Posted by peterlevine at 7:24 AM | Comments (0) | TrackBack

November 6, 2007

Paris from the moon

When we were in Paris last week, I wondered what's behind the facades of the big buildings that line the boulevards. The reason I wondered is that most of the blocks of Paris are oblongs or triangles formed of large buildings, with no breaks for visible alleys. A triangle leaves a lot of space near the middle--in contrast, for example, to the narrow rectangular blocks of Manhattan. If you fill a triangle with buildings, no light will reach most of the interior--especially near the middle of each block, where the shape is widest.

Thanks to Google Earth, one can see what is going on from above. The picture to the left shows the block where my wife and I stayed last week. Like most of the blocks of the Right Bank, it is actually filled with trees. Paris is a much greener city than you can tell by walking its streets, but half of the green is private and hidden behind the lovely stone facades.

Posted by peterlevine at 7:45 AM | Comments (0) | TrackBack

November 5, 2007

social accountability in the USA

In Paris last week, I met a senior minister from Uganda who said that not many years ago, 83 percent of Uganda's education budget was wasted or stolen--not spent on education. I also met a Filipino activist who said that in his country, textbooks were often stolen or lost before they reached classrooms. Both countries have achieved enormous improvements by involving citizens in monitoring and assessing school budgets and administration. According to independent evaluations, 80 percent of education funds now reach schools in Uganda, partly because the money is tracked by citizens.

It occurred to me that in the District of Columbia, about 71 percent of the education budget is not spent on schools. Some of it may be properly used for such purposes as special education. But most of the 71 percent is lost in the downtown bureaucracy. The Washington Post has printed photos of stacks of textbooks that were never distributed to schools; electronic equipment is routinely delivered without software or support. These statistics and stories are very reminiscent of Uganda and the Philippines, and indeed of most of the world.

The obvious question is whether we could use public participation in the US as a tool to reduce serious corruption and waste. This would be a great achievement because ...

1. One of the worst sources of disadvantage in our society is the dramatically unequal quality of education. An obvious way to improve education for Washington's least advantaged students would be to seize some of the $7,200 per student that is currently being used/wasted in the downtown bureaucracy so that it could be spent instead on smaller classes and better facilities.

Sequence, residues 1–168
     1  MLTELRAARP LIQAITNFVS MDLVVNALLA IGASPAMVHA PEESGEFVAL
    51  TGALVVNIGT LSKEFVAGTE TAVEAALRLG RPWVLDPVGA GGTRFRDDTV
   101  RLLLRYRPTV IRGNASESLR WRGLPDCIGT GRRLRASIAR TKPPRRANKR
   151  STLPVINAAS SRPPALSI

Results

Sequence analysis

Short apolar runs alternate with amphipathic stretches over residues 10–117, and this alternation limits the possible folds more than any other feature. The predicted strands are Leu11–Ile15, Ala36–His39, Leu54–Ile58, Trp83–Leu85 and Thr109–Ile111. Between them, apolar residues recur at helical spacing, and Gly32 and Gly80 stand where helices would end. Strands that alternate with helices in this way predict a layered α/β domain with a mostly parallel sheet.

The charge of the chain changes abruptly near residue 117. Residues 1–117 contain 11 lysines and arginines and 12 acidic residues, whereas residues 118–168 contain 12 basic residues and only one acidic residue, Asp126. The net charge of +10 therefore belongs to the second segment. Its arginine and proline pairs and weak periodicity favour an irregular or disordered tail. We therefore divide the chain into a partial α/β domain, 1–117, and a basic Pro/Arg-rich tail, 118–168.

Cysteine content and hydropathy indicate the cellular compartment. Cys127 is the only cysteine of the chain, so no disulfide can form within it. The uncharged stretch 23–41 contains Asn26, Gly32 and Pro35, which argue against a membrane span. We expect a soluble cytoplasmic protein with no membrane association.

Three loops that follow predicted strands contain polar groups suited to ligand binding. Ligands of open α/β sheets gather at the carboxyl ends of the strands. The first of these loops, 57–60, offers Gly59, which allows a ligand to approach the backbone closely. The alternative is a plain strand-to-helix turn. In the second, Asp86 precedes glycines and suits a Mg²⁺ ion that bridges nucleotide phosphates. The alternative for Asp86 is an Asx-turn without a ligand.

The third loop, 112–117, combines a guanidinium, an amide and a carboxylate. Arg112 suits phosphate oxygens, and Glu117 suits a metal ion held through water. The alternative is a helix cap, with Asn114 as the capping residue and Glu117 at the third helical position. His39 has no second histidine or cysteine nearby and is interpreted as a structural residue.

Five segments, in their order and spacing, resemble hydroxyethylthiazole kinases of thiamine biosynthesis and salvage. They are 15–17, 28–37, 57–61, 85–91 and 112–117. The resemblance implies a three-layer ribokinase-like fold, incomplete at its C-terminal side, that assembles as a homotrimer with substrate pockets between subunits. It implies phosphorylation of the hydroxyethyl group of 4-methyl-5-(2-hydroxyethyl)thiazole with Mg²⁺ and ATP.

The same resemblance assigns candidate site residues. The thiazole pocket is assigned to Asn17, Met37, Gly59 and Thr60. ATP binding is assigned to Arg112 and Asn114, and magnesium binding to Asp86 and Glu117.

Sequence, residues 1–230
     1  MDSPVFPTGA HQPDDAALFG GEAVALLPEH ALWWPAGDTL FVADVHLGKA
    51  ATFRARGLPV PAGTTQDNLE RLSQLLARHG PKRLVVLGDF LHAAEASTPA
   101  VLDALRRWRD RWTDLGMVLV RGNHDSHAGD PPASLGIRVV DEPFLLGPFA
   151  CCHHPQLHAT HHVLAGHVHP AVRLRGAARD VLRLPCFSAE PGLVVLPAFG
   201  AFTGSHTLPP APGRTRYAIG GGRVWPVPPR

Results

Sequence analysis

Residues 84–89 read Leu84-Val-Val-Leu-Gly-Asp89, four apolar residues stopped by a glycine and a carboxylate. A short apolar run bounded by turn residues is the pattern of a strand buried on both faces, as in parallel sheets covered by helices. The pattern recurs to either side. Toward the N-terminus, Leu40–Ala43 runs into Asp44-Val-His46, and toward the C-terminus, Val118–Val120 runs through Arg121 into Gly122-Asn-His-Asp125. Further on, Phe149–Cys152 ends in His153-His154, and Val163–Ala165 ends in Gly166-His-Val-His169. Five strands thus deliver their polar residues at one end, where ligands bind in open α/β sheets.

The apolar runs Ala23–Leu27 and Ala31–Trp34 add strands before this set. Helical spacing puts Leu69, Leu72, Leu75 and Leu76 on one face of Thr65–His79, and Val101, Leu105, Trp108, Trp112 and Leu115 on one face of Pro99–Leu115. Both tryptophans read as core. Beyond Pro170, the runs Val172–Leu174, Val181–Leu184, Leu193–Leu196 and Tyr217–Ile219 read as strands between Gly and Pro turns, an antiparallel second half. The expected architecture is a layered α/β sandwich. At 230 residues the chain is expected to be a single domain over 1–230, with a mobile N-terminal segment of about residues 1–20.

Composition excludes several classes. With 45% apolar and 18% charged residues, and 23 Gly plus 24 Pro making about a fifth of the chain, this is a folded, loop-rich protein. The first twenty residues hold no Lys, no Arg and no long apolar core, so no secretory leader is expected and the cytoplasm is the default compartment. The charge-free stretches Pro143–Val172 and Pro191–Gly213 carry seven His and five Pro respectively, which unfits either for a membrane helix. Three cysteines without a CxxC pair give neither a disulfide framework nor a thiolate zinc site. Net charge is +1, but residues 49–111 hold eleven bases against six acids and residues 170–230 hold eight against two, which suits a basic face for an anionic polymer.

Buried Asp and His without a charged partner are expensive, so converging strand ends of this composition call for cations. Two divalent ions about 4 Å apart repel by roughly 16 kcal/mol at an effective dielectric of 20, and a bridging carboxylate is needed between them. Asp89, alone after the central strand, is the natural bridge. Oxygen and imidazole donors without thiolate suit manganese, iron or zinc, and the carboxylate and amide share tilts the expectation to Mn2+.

2. Getting the public involved in accountability might shift the attention away from test scores and toward administration. Today's high-stakes tests are supposed to motivate teachers and students to work harder and more effectively--that is the main strategy for improving education. When students fail the tests, we start to wonder whether public schools can possibly achieve success (or whether our kids can possibly succeed). If citizens could audit or review the performance of their schools, they might shift the pressure away from teachers and students, who, after all, receive less than 30 percent of the budget in DC. Citizens might conclude that the marginal impact of reforming central school systems would be much greater.

3. Public participation would be an alternative to the main accountability measures that are currently used or contemplated in our schools today. We test kids and punish them for failing; and we allow parents to take their kids out of schools. In Washington, roughly half of the student body has already left, either for the suburbs or for charter schools; but we don't see better performance in the public system--nor are the charters very successful. Maybe it would work better to get citizens directly involved in school reform.

4. Students could help to monitor their own schools, which would be a powerful form of civic education.

5. I believe that the Achilles heel of the American left is the poor performance of public institutions, such as the DC Public Schools. At some level, all of us--including left-liberals--know that such systems are deeply flawed. We lose political struggles, not because Americans love corporations, nor because voters are blind to social needs, but because they don't believe that public institutions are effective and trustworthy tools. It would be politically powerful to acknowledge this problem and to propose innovative solutions that tap the energy of citizens, like those used in Uganda in the Philippines.

Posted by peterlevine at 11:59 AM | Comments (0) | TrackBack